Separate communities? Not so fast…

Recently, on Fetlife, I saw a question about how the “BDSM/kink” communities and “leather” communities seem closely aligned in some places, but separate in others. This question led to “how does one explain leather.” My answer to that is below.

So why do we find BDSM and Leather communities separate? How does one explain leather?

I think the answer to the first depends on the definition a person has about leather as much as the region. There are places where you may not see as much difference, and places where it’s very obvious what the differences are. You will find places where one “circle of the Venn” dominates/overshadows the other, or places where they are more tightly linked.

black-72926_640(The original poster on Fetlife) asked “They see the leather life style as being just a Gay thing!!. It confusing to many as how someone who is heterosexual could be in the leather life style and not gay. Many have no understanding of the life style at all. In many ways I myself am at a loss when it comes to the leather lifestyle/community. ”

Being Leather is not just a gay thing, but it did start in the gay community and it does owe its traditions and lessons to what was found in the gay community. The lesbian, queer and hets who followed the Leather path do so in the footsteps (figuratively speaking) of the gay men who lived (and died) in an environment that they claimed as their own.

(There were lesbians, trans and straights who found their way to the leather bars or inspired by the leather M/c’s, but by and large, it seems from my research they were very few and far between until the late 60s and 70s. I’m always eager to learn more about those times.)

That last bit, to me, helps to explain why there is a great deal of grumbling about the “pan leather community.” Since the 1950s, gay men, lesbian women and a few from the queer and het population lived in the dark bars and close-knit world of runs and private parties. In the close-knit Leather community, you did “earn your way” by service to your brothers/sisters, by proving yourself and being a part of your region’s leather tribe. Now, it seems like every Tom, Dick and Harry is claiming to be “old guard trained” and a member of some “leather house.”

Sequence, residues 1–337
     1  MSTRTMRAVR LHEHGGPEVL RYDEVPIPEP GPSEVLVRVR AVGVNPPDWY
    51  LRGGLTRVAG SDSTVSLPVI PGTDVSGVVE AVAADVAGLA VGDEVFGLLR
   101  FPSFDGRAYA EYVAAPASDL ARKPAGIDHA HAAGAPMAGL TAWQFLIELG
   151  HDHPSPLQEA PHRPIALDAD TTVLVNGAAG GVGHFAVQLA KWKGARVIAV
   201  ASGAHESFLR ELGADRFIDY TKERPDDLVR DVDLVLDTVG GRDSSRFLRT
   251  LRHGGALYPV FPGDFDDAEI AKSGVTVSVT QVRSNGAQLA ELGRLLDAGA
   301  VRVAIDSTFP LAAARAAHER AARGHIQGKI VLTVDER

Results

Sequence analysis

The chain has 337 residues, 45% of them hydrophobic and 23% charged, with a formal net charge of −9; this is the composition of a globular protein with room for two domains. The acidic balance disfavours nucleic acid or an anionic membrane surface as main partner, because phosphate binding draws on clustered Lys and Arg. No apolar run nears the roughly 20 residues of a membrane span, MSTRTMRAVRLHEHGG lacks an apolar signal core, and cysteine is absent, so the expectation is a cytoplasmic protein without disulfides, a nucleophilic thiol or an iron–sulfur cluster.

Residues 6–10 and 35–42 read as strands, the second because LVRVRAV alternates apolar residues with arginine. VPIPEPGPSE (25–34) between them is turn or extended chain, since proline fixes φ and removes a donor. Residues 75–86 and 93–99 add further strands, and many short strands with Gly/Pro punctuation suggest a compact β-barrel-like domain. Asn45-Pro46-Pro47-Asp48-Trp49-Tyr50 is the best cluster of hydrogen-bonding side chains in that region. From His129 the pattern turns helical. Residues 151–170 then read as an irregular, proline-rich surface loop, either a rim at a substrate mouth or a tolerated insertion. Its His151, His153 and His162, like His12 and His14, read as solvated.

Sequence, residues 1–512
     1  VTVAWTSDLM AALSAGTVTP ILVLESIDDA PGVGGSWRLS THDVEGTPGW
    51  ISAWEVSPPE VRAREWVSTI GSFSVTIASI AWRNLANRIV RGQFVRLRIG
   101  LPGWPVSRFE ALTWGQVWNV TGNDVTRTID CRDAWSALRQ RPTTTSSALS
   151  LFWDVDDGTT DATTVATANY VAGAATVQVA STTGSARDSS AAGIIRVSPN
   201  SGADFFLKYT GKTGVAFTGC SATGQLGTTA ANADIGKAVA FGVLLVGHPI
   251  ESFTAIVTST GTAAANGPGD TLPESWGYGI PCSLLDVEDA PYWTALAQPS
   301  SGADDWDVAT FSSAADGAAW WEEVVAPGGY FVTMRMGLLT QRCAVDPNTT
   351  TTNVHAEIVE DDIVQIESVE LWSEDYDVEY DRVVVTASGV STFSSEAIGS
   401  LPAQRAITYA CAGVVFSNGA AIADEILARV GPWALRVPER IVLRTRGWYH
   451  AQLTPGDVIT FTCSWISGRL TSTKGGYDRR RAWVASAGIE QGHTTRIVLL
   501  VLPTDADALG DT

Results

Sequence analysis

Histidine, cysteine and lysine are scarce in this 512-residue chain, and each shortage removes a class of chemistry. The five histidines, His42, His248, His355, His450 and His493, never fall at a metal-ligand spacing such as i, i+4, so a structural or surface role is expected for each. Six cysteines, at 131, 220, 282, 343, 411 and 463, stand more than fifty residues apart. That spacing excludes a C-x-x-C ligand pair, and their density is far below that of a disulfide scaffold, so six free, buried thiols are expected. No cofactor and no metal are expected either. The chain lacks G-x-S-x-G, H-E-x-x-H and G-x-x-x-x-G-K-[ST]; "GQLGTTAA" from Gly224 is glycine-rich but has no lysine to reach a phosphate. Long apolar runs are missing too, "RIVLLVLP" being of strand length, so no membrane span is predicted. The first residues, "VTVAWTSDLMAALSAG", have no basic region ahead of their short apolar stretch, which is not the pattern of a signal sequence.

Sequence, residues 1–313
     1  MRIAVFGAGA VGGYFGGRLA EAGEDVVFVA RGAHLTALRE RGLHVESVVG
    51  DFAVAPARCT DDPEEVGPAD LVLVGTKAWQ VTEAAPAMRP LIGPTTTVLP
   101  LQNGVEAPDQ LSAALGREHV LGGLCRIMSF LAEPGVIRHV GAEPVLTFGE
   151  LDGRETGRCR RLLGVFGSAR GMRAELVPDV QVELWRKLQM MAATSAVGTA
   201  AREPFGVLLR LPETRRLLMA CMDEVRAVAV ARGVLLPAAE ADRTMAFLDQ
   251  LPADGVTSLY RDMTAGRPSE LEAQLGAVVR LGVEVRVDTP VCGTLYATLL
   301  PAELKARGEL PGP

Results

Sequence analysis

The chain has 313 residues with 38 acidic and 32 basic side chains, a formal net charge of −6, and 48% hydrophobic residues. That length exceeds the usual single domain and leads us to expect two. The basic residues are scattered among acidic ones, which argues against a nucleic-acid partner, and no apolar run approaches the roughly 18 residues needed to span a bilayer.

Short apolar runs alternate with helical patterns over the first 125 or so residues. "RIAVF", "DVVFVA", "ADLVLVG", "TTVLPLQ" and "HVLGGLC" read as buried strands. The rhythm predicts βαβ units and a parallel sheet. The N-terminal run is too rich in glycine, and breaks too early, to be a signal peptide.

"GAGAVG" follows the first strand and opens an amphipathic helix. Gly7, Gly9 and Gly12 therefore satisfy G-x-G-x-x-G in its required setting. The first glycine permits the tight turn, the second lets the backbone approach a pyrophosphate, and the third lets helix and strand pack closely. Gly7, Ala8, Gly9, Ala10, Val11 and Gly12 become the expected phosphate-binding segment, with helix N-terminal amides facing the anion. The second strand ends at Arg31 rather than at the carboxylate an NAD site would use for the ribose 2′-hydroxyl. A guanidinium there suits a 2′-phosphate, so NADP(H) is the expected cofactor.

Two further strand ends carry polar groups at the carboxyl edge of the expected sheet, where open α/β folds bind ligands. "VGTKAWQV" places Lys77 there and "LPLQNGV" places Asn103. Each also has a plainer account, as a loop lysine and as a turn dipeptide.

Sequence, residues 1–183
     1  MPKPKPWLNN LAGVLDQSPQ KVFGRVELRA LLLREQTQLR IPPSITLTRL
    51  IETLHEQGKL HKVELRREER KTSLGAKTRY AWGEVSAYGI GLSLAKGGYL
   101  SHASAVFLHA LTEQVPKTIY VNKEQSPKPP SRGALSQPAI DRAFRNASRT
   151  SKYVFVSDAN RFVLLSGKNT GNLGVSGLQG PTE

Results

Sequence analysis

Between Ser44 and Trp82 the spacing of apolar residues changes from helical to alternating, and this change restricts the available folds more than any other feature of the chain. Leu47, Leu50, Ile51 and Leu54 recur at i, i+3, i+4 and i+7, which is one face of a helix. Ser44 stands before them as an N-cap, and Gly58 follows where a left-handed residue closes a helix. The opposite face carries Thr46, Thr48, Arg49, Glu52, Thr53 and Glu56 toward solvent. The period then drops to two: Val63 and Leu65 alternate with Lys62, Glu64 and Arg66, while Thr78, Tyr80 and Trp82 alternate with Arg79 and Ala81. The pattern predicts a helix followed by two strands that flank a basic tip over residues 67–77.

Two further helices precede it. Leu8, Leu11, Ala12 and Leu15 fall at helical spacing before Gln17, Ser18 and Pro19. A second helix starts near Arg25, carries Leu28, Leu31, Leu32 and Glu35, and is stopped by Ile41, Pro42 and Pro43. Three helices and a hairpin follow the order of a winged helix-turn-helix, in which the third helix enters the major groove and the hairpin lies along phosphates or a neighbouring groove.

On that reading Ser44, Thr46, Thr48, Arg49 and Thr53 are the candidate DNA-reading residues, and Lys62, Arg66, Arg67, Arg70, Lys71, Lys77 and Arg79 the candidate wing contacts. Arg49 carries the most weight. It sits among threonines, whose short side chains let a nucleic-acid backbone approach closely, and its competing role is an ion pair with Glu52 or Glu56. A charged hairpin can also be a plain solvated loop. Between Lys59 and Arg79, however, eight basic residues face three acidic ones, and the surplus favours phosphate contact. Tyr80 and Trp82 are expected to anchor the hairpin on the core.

I’d also caution against underestimating how much AIDS and the AIDS crisis in the 1980s not only devestated a vibrant gay leather community, but forever shaped it. Many gay leathermen/women from that era do feel a kinship that I believe we cannot be a part of – only honor and respect it. There were straight and trans folks who stood alongside the gay community in those dark times, but the reaction of the overall world to what was first caustically known as “GRID” (Gay-Related Immune Deficiency) cannot be ignored in context.

I believe the identity formed by that life is why there’s resentment from some who identify as leather at the greater kink/BDSM world “discovering” leather and absorbing it – with all the ramifications that brings. Some geographical areas deal with that differently. Some leatherfolk have kept to their own, others have seen that the genie is out of the bottle and they are dealing with a new world. That discussion going on in the Dallas newspaper and panels like Race Bannon’s “Is Leather Dead” are ongoing – there’s a sense of “who are we REALLY and where do we want to go” in many leatherman/women, no matter what your identification is.

Originally, I wrote the following in my Fetlife response:
Learning what “hetleather” is will be up to us who identify as het to make our space, in respect to those who came before, those who want their own space, but in search of the bridges we can build between each other. That last bit is what I hope to see… so that “yes, there are separate communities, but they are in harmony and respect of each other” could be your answer to that question the person asked you.

However, Lady Justice’s comments about “straight leather” in her Leatherati interview hit me like a clue-by-four to the head:
There’s been much talk lately from some those people of forming a ‘straight leather community’ and every time I hear or read it I cringe. There IS a leather community. It IS alive and well. Why reinvent the wheel? To those people I say, if you want to join the leather community, DO IT. If you are not bio-gay male gender normative, you’re going to have to work twice as hard to receive half the respect. But, it will be worth it.

So maybe I shouldn’t take those dismissive words I’ve heard to heart… maybe that’s just part of my own learning process.

So this discussion continues, among all of us as well as inside my own head and heart.

Published by

Master Michael S

International Master 2014. Member of: Chicago Leather Club, Chicago Leathermen Group, MAsT: Greater Chicago. Longtime leatherman. One of the Four Horsemen.

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